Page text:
Low prices on the Auto Ordnance M1 Carbine start at Champion Firearms- The M1 Carbine (more formally the United States Carbine, Caliber .30, M1) was a lightweight semi-automatic carbine that became a standard firearm in the US military during World War II and the Korean War and resulted in a number of variants. It found favor with many troops, and came into wide use over several decades.
The M1 Carbine originated as a design by Jonathan Edmund "Ed" Browning, the half-brother of inventor John Browning. A couple of months after Ed Browning died in May of 1939, Winchester hired ex-convict David M. "Carbine" Williams, a some-time bootlegger who had devised a short-stroke gas piston design while serving a prison sentence for murder. (This unlikely true story, a natural for the movie industry, was the basis of the 1952 movie Carbine Williams starring James Stewart.) Winchester hoped that Williams would be able to complete various designs left unfinished by Ed Browning. Williams design change for the rifle was the incorporation of his short-stroke piston design. The first M1 Carbines were delivered in mid 1942, but contrary to popular myth, Williams had little to do with the carbine's development.
The M1 Carbine was particularly intended for soldiers who needed a lightweight rifle - such as paratroopers and engineers - and for infantry involved in such shorter range engagements as commonly occurs in urban and jungle warfare.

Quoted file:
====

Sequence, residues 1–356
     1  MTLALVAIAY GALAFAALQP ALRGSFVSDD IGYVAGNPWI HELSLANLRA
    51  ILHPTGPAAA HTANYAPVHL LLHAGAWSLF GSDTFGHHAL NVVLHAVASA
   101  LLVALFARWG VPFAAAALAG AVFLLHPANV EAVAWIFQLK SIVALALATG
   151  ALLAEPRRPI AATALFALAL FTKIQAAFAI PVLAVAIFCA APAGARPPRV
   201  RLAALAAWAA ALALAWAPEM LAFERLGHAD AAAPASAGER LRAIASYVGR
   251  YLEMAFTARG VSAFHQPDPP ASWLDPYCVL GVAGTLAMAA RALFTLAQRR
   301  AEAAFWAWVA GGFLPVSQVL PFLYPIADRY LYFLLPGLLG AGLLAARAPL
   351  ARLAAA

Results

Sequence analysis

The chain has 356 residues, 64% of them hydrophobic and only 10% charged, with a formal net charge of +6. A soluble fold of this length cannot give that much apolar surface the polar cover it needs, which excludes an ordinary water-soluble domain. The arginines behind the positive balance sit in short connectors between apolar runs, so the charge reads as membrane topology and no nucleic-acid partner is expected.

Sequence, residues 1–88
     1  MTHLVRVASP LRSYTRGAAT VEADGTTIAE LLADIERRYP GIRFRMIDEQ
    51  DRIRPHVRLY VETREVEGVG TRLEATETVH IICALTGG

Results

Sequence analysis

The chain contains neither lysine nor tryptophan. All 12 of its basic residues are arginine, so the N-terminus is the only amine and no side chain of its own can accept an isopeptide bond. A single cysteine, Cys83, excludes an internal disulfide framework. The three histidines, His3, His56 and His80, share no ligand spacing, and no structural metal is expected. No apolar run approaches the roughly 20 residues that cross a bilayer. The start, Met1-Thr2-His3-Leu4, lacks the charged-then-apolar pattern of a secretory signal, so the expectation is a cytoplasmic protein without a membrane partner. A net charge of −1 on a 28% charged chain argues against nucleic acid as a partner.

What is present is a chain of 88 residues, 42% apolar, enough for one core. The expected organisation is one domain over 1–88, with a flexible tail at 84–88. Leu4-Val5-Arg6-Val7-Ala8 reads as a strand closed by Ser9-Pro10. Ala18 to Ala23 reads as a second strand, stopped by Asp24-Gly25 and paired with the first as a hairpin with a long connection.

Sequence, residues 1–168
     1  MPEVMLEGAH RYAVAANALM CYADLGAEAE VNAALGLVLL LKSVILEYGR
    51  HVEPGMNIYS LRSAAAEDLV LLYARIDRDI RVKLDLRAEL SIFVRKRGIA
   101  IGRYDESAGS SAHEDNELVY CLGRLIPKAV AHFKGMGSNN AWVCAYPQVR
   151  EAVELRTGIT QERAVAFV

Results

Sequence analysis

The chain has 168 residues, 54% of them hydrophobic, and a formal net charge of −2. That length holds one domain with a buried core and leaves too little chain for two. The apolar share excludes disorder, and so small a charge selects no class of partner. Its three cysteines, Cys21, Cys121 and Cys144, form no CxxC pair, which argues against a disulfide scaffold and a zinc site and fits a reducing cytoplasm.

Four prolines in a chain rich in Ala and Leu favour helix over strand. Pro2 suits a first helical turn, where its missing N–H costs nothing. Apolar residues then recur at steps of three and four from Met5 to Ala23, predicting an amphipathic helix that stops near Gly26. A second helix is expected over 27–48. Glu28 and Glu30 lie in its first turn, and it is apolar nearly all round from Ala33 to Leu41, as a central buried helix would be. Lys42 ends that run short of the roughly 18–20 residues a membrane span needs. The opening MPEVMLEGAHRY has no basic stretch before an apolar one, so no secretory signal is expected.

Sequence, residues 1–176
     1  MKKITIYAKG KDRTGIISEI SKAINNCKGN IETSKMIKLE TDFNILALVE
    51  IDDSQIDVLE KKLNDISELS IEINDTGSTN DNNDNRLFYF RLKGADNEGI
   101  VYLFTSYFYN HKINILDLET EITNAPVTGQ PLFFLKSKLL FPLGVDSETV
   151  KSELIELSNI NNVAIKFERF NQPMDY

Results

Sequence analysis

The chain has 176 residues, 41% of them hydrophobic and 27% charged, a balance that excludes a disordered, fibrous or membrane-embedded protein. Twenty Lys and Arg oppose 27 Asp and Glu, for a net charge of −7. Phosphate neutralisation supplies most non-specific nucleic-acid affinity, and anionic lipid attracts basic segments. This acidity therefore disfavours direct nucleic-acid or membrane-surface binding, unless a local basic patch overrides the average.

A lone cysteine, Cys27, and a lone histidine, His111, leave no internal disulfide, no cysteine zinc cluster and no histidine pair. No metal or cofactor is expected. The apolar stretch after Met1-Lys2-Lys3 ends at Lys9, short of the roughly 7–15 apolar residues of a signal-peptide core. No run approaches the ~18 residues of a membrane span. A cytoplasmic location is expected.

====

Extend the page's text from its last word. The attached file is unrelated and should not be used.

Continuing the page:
Troops in the rear, or frontline troops required to carry a lot of other equipment (such as medics and engineers) had found the older full-size rifles too cumbersome, and pistols and revolvers to be insufficiently accurate or powerful. Much the same constraints applied to the airborne.
Historical Ties: Auto Ordnance & the M1 Carbine-- The Auto Ordnance Corporation was founded in Queens, NY in August 1916 by ex U.S. Army Ordnance officer, John T. Thompson. The company has been best known for the submachine gun that was named after the company's owner. In 1939 Auto-Ordnance was acquired by businessman Russell Maguire. In 1940 Auto-Ordnance moved to Bridgeport Conn.
In October 1940 U.S. weapons manufacturers were given notice of the basic specifications for a light infantry rifle that the War Department was interested in having developed. In response, Auto-Ordnance Corporation submitted two models of a light rifle for U.S. Army preliminary trials in May-June of 1941. An improved version was submitted for the final trials in September 1941, but Auto Ordnance lost out to a design submitted by Winchester. The Winchester design quickly evolved into what we now know as the U.S. Carbine caliber .30 M1.
Government contracts for the production of the U.S. Carbine caliber .30 M1 were granted to ten primary contractors, among them was the "International Business Machines" corporation (or IBM). None of the ten primary contractors manufactured all of their own parts. Each required the assistance of various subcontractors. In March 1943 Auto-Ordnance was subcontracted to manufacture all of I.B.M.'s bolts and slides, and 50% of I.B.M.'s receivers. To keep pace with wartime demand, the Office of Ordnance relocated an I.B.M. management team to the Auto-Ordnance facility along with Ordnance officers to oversee production. By the the time production had been completed in May 1944, I.B.M. made a total of 346,500 M1 carbines.